There is a brutality when a PE firm enters a troubled fashion business with unrealistic expectations for change, innovation, and adaptive behaviors to suddenly transform a (usually) failing organization into a successful one. The fundamental problem is that the timing for a meaningful turn-around is never as tight as a PE firm would prefer because issues such as excessive development cycles, weak leadership, lackluster technology, ineffective processes and/or uninspiring product must be overcome to make progress. In a short amount of time, what do you choose to prioritize?
Risk, product innovation, modernization, brand identity, and efficiency are seriously lacking in many organizations, a combination of which is likely a contributing factor to their (near) demise. These very factors take time to germinate within an organization to overcome entrenched culture. Most importantly, they require strong, forward-thinking leadership.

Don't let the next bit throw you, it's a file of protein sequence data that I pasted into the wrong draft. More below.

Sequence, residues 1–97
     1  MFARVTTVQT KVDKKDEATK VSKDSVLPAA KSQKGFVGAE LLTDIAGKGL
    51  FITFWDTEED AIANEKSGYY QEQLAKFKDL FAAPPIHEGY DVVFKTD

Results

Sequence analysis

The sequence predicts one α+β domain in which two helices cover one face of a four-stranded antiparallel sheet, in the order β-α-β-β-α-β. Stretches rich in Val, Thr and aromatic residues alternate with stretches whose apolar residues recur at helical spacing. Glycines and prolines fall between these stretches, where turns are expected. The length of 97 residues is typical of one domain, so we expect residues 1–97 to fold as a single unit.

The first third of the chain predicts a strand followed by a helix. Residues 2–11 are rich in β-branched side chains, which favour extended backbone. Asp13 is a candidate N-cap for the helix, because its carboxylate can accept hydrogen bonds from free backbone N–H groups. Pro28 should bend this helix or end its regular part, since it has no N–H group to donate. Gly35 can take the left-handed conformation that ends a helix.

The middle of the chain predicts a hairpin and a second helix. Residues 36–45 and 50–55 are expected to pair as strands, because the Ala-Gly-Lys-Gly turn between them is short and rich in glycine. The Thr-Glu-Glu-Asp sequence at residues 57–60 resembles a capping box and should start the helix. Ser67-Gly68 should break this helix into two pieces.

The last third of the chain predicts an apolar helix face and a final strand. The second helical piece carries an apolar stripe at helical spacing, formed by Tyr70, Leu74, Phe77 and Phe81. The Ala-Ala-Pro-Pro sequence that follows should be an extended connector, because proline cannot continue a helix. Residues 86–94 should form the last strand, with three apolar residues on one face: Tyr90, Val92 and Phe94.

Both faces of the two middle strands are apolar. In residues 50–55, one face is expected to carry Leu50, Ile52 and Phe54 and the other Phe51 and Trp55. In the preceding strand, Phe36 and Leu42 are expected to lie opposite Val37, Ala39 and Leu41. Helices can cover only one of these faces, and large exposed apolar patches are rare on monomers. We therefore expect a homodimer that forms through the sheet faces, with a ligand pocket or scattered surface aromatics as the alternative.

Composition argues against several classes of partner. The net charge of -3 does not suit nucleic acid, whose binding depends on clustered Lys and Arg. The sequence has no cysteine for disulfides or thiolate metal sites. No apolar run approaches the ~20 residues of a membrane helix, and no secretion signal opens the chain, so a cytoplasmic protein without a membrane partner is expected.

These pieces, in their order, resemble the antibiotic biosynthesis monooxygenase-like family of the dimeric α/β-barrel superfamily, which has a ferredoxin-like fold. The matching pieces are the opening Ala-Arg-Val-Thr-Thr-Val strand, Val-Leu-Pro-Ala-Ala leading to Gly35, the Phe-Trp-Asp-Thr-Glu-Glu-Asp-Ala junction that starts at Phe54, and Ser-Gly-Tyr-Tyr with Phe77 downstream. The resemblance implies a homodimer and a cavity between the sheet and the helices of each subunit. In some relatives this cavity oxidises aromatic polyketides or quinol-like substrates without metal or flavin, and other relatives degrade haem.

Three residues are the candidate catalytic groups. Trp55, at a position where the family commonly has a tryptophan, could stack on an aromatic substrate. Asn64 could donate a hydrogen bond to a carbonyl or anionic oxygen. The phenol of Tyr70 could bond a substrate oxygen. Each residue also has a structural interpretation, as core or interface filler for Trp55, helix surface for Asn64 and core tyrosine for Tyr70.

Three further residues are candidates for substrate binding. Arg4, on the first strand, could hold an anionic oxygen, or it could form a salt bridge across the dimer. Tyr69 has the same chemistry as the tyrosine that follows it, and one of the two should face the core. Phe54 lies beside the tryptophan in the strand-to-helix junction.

The PE timetable doesn’t generally allow the luxury of cultivating successful practices. Perhaps because sometimes they start behind the eight ball. Evaluating a business solely from a balance sheet misses the mark on several valuable elements that could propel a company forward more quickly. We typically see the following issues arise when PE firms get involved in a distressed fashion business:
Examples of the above cause many more issues than they should in today’s marketplace. Whilst it is true fashion companies need operating capital, perhaps it’s time for a new model that emphasizes brand longevity over quick profit.
Nancy is an avid speaker, writer and educator. She has been quoted in many articles over the years and here imparts knowledge based on projects undertaken and current practices.